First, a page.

William Atkinson 2015-07-22 17:39:53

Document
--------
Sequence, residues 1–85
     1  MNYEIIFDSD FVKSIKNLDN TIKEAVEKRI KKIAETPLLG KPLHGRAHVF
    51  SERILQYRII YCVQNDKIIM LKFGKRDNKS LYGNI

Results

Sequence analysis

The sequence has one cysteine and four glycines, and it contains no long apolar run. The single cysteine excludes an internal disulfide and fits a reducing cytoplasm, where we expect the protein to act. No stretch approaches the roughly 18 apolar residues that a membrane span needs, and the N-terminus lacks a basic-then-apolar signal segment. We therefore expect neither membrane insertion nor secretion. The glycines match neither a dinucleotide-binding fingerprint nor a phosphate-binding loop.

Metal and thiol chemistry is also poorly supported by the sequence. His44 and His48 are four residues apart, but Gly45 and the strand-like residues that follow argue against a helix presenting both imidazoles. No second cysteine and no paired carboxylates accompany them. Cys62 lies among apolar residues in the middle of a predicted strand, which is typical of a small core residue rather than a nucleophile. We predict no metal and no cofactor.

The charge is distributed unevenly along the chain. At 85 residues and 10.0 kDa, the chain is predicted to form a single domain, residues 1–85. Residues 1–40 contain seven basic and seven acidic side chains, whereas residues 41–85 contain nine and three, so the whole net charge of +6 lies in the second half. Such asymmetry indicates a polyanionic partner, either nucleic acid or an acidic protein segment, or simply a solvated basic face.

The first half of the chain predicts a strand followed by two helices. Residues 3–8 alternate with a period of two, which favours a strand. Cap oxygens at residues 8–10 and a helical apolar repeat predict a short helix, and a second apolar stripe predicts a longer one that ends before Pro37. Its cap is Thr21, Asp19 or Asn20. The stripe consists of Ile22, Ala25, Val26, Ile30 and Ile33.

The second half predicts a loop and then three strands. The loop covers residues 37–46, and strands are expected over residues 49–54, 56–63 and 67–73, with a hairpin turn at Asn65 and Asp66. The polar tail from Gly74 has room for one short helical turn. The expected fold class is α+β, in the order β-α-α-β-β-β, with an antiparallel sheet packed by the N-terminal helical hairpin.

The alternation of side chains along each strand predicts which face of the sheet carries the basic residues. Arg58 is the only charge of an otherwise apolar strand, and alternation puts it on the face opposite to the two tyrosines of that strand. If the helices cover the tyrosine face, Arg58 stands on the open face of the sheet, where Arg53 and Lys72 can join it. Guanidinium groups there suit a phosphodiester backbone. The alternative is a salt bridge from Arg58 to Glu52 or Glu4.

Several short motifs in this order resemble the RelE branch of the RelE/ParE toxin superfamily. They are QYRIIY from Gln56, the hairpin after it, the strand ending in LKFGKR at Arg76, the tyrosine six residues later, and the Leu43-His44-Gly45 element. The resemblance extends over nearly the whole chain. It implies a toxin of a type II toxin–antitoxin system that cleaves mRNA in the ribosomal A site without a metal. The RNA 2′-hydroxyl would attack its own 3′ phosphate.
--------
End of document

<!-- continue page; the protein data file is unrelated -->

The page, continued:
There has been a lot going on in recent years related to advancements in commercial HVAC, including variable refrigerant flow (VRF), chilled beams, energy recovery, and ultraviolet (UV) light. Some of the systems that are new to the US have been used successfully in Europe for decades, and others are brand new technologies still making their way into the sectors that can benefit most from them. Variable Refrigerant Flow “The demand for efficient heating and cooling options has catapulted the growth of VRF systems in the United States,” says Brendan Casey, commercial product manager for Fujitsu General America. “The benefits of energy savings, flexible installation, ease of installation, advanced controls, and superior comfort for occupants make VRF an ideal choice for most commercial applications.” VRF allows for single source equipment by using refrigerant as the medium for heating and cooling, along with a single outdoor condensing unit to condition the refrigerant, which is circulated within the building to multiple fan coil units. The refrigerant is getting super heated and super cooled, depending on the control settings in the various spaces, cycling from hot gas and cooled liquid as it goes through refrigeration cycle stages. According to Casey, VRF systems provide the most efficient HVAC option for most buildings. By using inverter-driven compressors, the outdoor unit only runs as fast as necessary to meet the needs of a space. “No longer do compressors need to cycle on and off, wasting energy and reducing the life of the system,” he says. A VRF system also provides the option of installing the outdoor unit indoors. By mounting the unit in a weatherproof mechanical room, the outdoor unit can be located closer to the conditioned space. This reduces the piping required and gives each tenant more control over the system on the floor. “This is a very popular option for large buildings in metropolitan areas where ground or roof space might not be available,” says Casey. VRF systems can also connect local controls, central controls, and remote access to an entire VRF system, up to 1,600 indoor units controlled by a single controller located in a building management office. VRF systems also provide the benefit of being scalable. “If a building plans to convert to VRF, it is not necessary to install all 1,600 indoor units at the same time,” says Casey. A building going through a conversion can add units or floors as each new tenant is added. Individual refrigerant circuits can be added and brought online with the central controller as they are installed. Another manufacturer offering VRF technology is Lennox Industries. “Our VRF system has one outdoor unit that can consist of multiple modules, connected to multiple types of indoor units through a single refrigerant piping network,” says Chris Drury, vice president of sales VRF. “Each indoor unit, or zone, is controlled by its user.” The system constantly varies the amount of refrigerant flowing to each indoor unit to match the internal load requirement by allowing the compressors to work only at the needed capacity in order to meet that load. This ends up consuming less energy than “on/off” systems. Even if the VRF run time is longer, a VRF system is usually operating at a capacity of less than 100%. VRF offers a number of benefits over conventional HVAC systems, according to Drury. Among these are: • Superior zoning- Individual users can control temperatures in their own areas, providing cooling or heating when and where it is required. Each indoor unit controls its own environment by sensing the temperature of the return air and controlling the electronic expansion valve accordingly. • Energy efficiency- A VRF system only uses the energy required to meet load requirements, making it extremely energy efficient. Depending on the application, usually comfort cooling and heating, most VRF systems operate at part load 60 to 80% of the time. • Adaptable to application- VRF systems are modular, or scalable, in system capacity. Multiple modules can be added to meet design load capacities. Modular versatility, varying capacities for outdoor units, and multiple types of indoor coils (both ducted and non-ducted) make the VRF system a solution that meets a wide variety of applications. • Quiet performance- VRF outdoor unit sound ratings are comparable to indoor units of other HVAC systems. “Many VRF indoor units are so quiet that it is difficult to even tell they are operating,” says Drury. The Lennox VRF line of products provides a number of benefits to commercial building facility managers, such as: • A variety of local controllers allow for user control of zones, but with limitations. “That is, centralized controllers allow facility managers to set up schedules, remotely control indoor units, and create appropriate restrictions to user control of local controllers,” says Drury. • There are significantly fewer maintenance points compared to chillers. Quarterly maintenance on a VRF system consists of cleaning indoor unit filters, keeping the indoor and outdoor heat exchangers clean, and checking condensate pumps and drains for leakage and blockages. Four-pipe heating and cooling systems, on the other hand, require water treatment, cooling tower maintenance, water circulating pumps maintenance, central heating plant maintenance, and a number of motorized valves and control items that require regular servicing. • Modularized single-module systems make it easy to shut down a portion of the system for service without affecting the operation of the remainder of the system. “Multiple-module systems provide redundancy, so that, if even one module goes down, the remaining modules can continue to operate,” says Drury. Mitsubishi Electric Cooling & Heating is another company offering VRF technology. The company recently unveiled its new line of Hyper-Heating Inverter (H2i) ductless and VRF zoning systems. “Mitsubishi Electric is the pioneer of ductless and VRF zoning technology in the US, and the first to develop low-ambient heating capabilities,” says Robert Byrd, a company spokesperson. “The H2i technology revolutionizes the heat pump by optimizing energy usage and delivering heat at very low outdoor ambient temperatures.” The technology is ideal for various commercial applications, in that it helps facilities accommodate various load requirements for separate rooms or buildings, saving energy and maintaining valuable square footage. According to Byrd, there are four major benefits of H2i technology: • Energy savings- Because H2i technology recovers heat energy that would otherwise be wasted, energy usage is kept at a minimum. In addition, while traditional systems continually turn on and off to meet a desired temperature, the inverter-driven compressor quickly adjusts and maintains speed, reducing energy usage and increasing utility bill savings. • High performance- A flash process cools the compressor, allowing the zoning system to heat rooms at lower outdoor temperatures without overheating. The process provides optimal heating performance at low temperatures. “In fact, systems can operate effectively, even in outside temperatures at minus 13 degrees Fahrenheit,” he says. • Low life cycle costs- The highly efficient hyper-heating systems help decrease the overall equipment tonnage of projects. This means lower initial costs; the smaller outdoor system footprint and ability to be installed more quickly allows for reduced installation costs. The technology also eliminates the need for supplemental heat sources in many cases, such as fossil fuel burning or inefficient electric systems. • Reduced maintenance costs- “Hyper-heating technology offers year-round efficiency for optimal occupant comfort, which translates to fewer complaints and system adjustments,” says Byrd. Schools Choose VRF With Controls One satisfied Mitsubishi customer is the Screven Elementary School in Sylvania, GA, a 143,000-square-foot facility built in 1989. While the facility was partially renovated in 2002, a dated and inefficient HVAC system remained. After the pipes of the original water-source heat pump deteriorated, William Bland, superintendent of the Screven County School System, says, “There was no question about the need for a renovation of the HVAC system at the elementary school.” While the initial plan was to repair the old system, research showed that not only would the cost be substantial, but also there would be no increase in energy efficiency. As a result, the school elected to purchase and install a VRF zoning system from Mitsubishi Electric. “It was the energy efficiency that grabbed our attention,” says Mike Dixon, maintenance director at the elementary school. “We were also interested in the ability of the units to maintain the temperature within one or two degrees, and the quiet operation.” The installation took less than 12 weeks and took place over the summer when school was not in session. The VRF system allows Preston Dees, director of school safety and energy management for the Screven County School System, to monitor and control the cooling and heating in each classroom. “We have had an aggressive energy management system in place for five years, and we are documenting substantial savings with the system from previous years of record,” says Bland. In fact, average annual savings are $16,225, representing an average energy savings of 25%. Mitsubishi offers an additional way to help HVAC systems manage energy, called the Diamond Controls Solutions. According to Byrd, one of the best ways to manage energy, particularly that used by HVAC systems, is with an automated controls solution, which can control numerous systems through a single interface. Mitsubishi’s Diamond Controls Solutions pairs building automation controls with comprehensive customer service. Since HVAC is the largest significant feature that commercial controls systems manage, Mitsubishi’s new DC-600E Integration Controller system centers around the facility’s HVAC system. However, it can also manage the following: access control, air compressors, ancillary heating, boilers, chillers, centralized water plants, domestic hot water, energy recovery, generator monitoring, humidifiers, occupancy sensors, photovoltaic panels, pumping systems, refrigeration monitoring, sprinklers, thermostats, ventilation, and more. The system also provides efficiency gains. VRF zoning systems consistently perform at 25 percent higher efficiency than traditional systems. Managing VRF through Diamond Controls Solutions provides an additional level of efficiency, because the systems come with built-in sensors, and the controls use the standard cooling and heating building controls best practices. As a result of its efficiency, facilities can use Mitsubishi’s VRF and Diamond Controls Solutions in combination to help meet or even exceed US Green Building Council’s LEED requirements, as well as meet Energy Star requirements. The technology also provides cost savings. The building’s facilities manager or engineer can use the controls to modify heating and cooling, as well as the other systems that are connected—all around the facility’s optimal schedule. The manager can also schedule setbacks based on weather forecasts. In addition, the system can check the ambient temperature conditions and adjust itself automatically, such as turning down the temperature during an unseasonably warm winter day. Costs can also be reduced via utility rebates. For example, the Diamond Controls Solutions can adjust usage based on signals from a utility via a Demand-Response program. Liberty Memorial Central Middle School in Lawrence, Kansas has also been pleased with what Mitsubishi had to offer. The school had an aging four-pipe HVAC system in need of replacement, and chose a VRF zoning system from Mitsubishi Electric, but also wanted controls that would provide efficient management. “Diamond Controls Solutions offered a great solution, giving the school full access to the VRF system, as well as full integration into existing mechanical equipment,” says Ed Lange, a sales engineer with Morgan & Associates (Shawnee, KS). “Mitsubishi’s Professional Solutions Group worked closely with our field techs to ensure a seamless project. When most of the equipment and control devices were installed, the PSG sent a team of four individuals for a week to begin the commissioning process.” The school district is so satisfied with the solution that it is extending it to include five of its other schools. Each school will be outfitted with Diamond Controls Solutions, and all six schools’ controls will be connected to a web server application for central monitoring. Chilled Beams Another innovative HVAC technology is chilled beams, which work by convection. The beams, suspended from the ceiling, chill the air around them. The cool air is dense and thus falls to the floor, and warmer air rises up. Overall, there is a passive, constant flow of cooling air. There are active versions of the technology, too, which push air toward the units. “We are the first US manufacturer of chilled beams,” says Tom Rice, director of sales for SEMCO. “We manufacture the beams as flexible as possible for ease of design and contractor installation.” The company’s newest related product is called the Neuton pump module, which is coupled with chilled beams. “You can have a central plant that is creating 45-degree [Fahrenheit] water, and feeding that to all of the air handling units,” says Rice. “With chilled beams, you need 58-degree [Fahrenheit] water. So, you can create a blend loop, which blends the 45-degree water to where it becomes 58-degree water, and this is fed out to the chilled beams. This is called a tertiary loop." The Neuton creates a tertiary loop at the zone level, rather than at the full-building level. So, if one zone has a problem, such as the rising humidity, the pump module addresses that one zone, as opposed to the central tertiary loop, which would affect all of the zones. “This zone approach provides a lot of energy savings,” says Rice. “In addition, the pump system controls allow the facility to save on first-cost from the piping perspective, from the electrical perspective, and from the control perspective.” Energy Recovery Besides chilled beam technology, SEMCO also offers energy recovery technology for HVAC systems. Its new Unitary Wheel Cassette (UWC) Series, an aluminum energy recovery dessicant wheel, is designed as the HVAC industry's first drop-in replacement for plastic/polymer dessicant wheels in most unitary energy recovery ventilator (ERV) brands. The wheel features a fast-acting and corrosion-resistant dessicant that is applied to a sturdy but lightweight all-aluminum wheel substrate. The honeycomb matrix’s opening design produces maximum air-to-air heat transfer, but generates up to 50% less HVAC system static pressure than polymer film wheels. It also has a longer life cycle and less periodic maintenance requirements than polymer wheels. “The marketplace is filled with inexpensive plastic wheels that have a very short lifespan—one to three years,” says Rice. Since the units could last 15 years, it required a lot of time and money to continually replace the wheels. “In addition, plastic is not a good conductor of energy. So, our goal was to develop an aluminum drop-in replacement wheel that could replace these short lifespan wheels that no longer worked. Aluminum, of course, is a good heat transfer device.” It is important to consider recovery energy ratio (RER) when purchasing replacement wheels. The RER takes into account the efficiency and static pressure of a dessicant wheel replacement. Not calculating the RER can result in thousands of dollars of lost energy savings over the course of the wheel’s life cycle. “The RER on our wheels, in some cases, is double what our competitors’ wheels produce, because ours use much less energy to recover exhaust energy,” says Rice. UV Light A progressive new technology incorporating UV light in HVAC systems comes from Fresh-Aire UV, a division of Triatomic Environmental. One of its products is the Commercial Series APCO Rack System, which is a non-ozone air purification system for HVAC units in commercial, industrial and institutional facilities. It is designed for hospitals, offices, schools, hotels, and other commercial buildings that require reduction of odors and toxic vapors associated with airborne microbial and volatile organic compounds (VOC) contaminants. The APCO Rack System was the 2011 Innovation Award winner in indoor air quality (IAQ) at AHR (Air Conditioning, Heating and Refrigeration) Expo. It is the first to combine UV germicidal irradiation (UVGI) for airborne and HVAC unit internal surface disinfection, with gas-phase air purification and photo-catalytic oxidation (PCO) to capture and neutralize VOC contaminants. In specific, the APCO Rack combines three technologies: • UV-C (short-wave ultraviolet) lights sterilize airborne and surface mold, germs, viruses, and allergens found in supply air distribution and on interior HVAC surfaces. • Titanium dioxide-infused carbon cell matrix adsorbs VOCs in a gas-phase air purification process and removes them from the airstream. • PCO chemically transforms the captured VOCs into harmless water vapor and CO2 when the UV-C light shines on the titanium dioxide-infused carbon to create a photo-catalytic effect. “It also keeps air-conditioning coils, interior HVAC unit surfaces, and drain pans clean of mold and other biological growths, which increases operational efficiency, lengthens equipment life cycles, and reduces maintenance costs,” says Michael Walrath, commercial products sales manager for Fresh-Aire UV. The system efficiency he mentions that comes from keeping biofilms from accumulating leads to increased energy efficiency. The APCO Rack System installs quickly inside all brands of HVAC package and air handling units, ranging from 10 to 200 tons. It is available with Fresh-Aire UV’s proprietary tubular track installation concept, which includes brackets and mounting hardware for assembling a framework of off-the-shelf tubing. The units can be stacked or staggered to fit any coil size and configuration. “The water-resistant power supplies withstand condensation inside air handlers and all weather conditions when mounted externally on outdoor equipment,” says Walrath. Are there certain types of buildings that benefit more from UV-C technology than others? “All commercial and institutional facilities can benefit from UV-C technology, as they all can appreciate the benefits of energy savings, lower maintenance costs, longer equipment life, and improved indoor air quality,” says Walrath. “That being said, though, we spend a lot of our efforts with healthcare and educational facilities.” Benefits at a Pet Care Business A happy Fresh-Aire UV user is Spa Paw and Tail (New Berlin, WI), a 10,000-square-foot pet care facility. Animal odors are inherent challenges in any pet business. Spa Paw and Tail is now using Fresh-Aire UV’s HVAC purification technology to control odors, reduce energy bills, and prevent any potential infectious airborne animal diseases. “The sense of smell influences a customer’s first impression upon entering a pet business,” says Nina Race, president. “Bad odors give the impression that an establishment isn't clean, even though it might be spotless from a sanitation standpoint.” Race first attempted to reduce odor by introducing more outdoor air through the HVAC system, but that simply increased the cost of energy. Spa Paw and Tail arranged for a local HVAC contractor, Action Heating and Cooling, to install eight APCO air purification systems on each of four 7.5-ton rooftop HVAC systems. “Since installing the air purification equipment in our HVAC equipment, odors have been eliminated in the greeting area and gift shop,” says Race. And, as noted earlier, energy costs have decreased, and the potential for airborne infectious diseases has essentially been eliminated. Finally, the facility has seen a decrease in equipment maintenance costs. That is, the dark and moist environments inside the HVAC equipment, which were once ideal breeding grounds for microbes, are no longer so. The UV lights help to eliminate mold and subsequent dirt accumulations, which reduces coil cleaning time during semi-annual service calls. Fresh-Aire UV also offers a technology called Blue-Calc, which is a UV-C light design and analysis service using sizing software that helps facilities managers or engineers calculate the amount of UV light needed for their commercial buildings. Its web service provides calculations of both airborne and cooling coil surface microbe disinfection efficiencies from UV-C light exposure, and generates detailed color chart and graph image printouts for building owner presentations. Blue-Calc can detect inadequate coverage or insufficient microbe inactivation time in a specification conforming to the UVGI (ultraviolet germicidal irradiation) industry’s D99 criteria, a dose resulting in a minimum of 99% inactivation. It can also calculate reflectivity of a variety of duct material surfaces, such as stainless steel, galvanized steel, aluminum, and even interior insulation. A higher reflectivity equates to a higher microbe disinfection rate and the potential of cutting project costs by reducing the number of needed UV lights and their output performance. This helps cut project costs by eliminating equipment over-sizing. “Too many engineers and contractors simply rough-estimate the number of UV lamps and their placements in the HVAC unit,” says Chris Willette, president of Fresh-Aire UV. “Now they can apply an exact science for UVGI’s full benefit.” William Atkinson specializes in topics related to utilities and infrastructure.